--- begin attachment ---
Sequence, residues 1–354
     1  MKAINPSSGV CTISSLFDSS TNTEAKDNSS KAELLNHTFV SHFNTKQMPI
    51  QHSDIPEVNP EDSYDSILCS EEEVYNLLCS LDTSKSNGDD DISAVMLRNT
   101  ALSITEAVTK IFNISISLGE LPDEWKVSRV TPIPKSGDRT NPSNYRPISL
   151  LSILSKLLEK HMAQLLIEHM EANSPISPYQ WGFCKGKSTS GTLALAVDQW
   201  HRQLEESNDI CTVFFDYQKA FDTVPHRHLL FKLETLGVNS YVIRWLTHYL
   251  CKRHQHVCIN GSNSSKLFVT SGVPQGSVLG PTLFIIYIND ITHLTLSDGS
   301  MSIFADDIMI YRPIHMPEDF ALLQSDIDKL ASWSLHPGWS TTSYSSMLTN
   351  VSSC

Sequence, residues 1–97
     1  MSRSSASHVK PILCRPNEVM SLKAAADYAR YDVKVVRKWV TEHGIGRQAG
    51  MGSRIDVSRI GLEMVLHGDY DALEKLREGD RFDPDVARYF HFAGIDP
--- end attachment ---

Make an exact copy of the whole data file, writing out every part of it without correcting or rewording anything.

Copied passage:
Sequence, residues 1–354
     1  MKAINPSSGV CTISSLFDSS TNTEAKDNSS KAELLNHTFV SHFNTKQMPI
    51  QHSDIPEVNP EDSYDSILCS EEEVYNLLCS LDTSKSNGDD DISAVMLRNT
   101  ALSITEAVTK IFNISISLGE LPDEWKVSRV TPIPKSGDRT NPSNYRPISL
   151  LSILSKLLEK HMAQLLIEHM EANSPISPYQ WGFCKGKSTS GTLALAVDQW
   201  HRQLEESNDI CTVFFDYQKA FDTVPHRHLL FKLETLGVNS YVIRWLTHYL
   251  CKRHQHVCIN GSNSSKLFVT SGVPQGSVLG PTLFIIYIND ITHLTLSDGS
   301  MSIFADDIMI YRPIHMPEDF ALLQSDIDKL ASWSLHPGWS TTSYSSMLTN
   351  VSSC

Sequence, residues 1–97
     1  MSRSSASHVK PILCRPNEVM SLKAAADYAR YDVKVVRKWV TEHGIGRQAG
    51  MGSRIDVSRI GLEMVLHGDY DALEKLREGD RFDPDVARYF HFAGIDP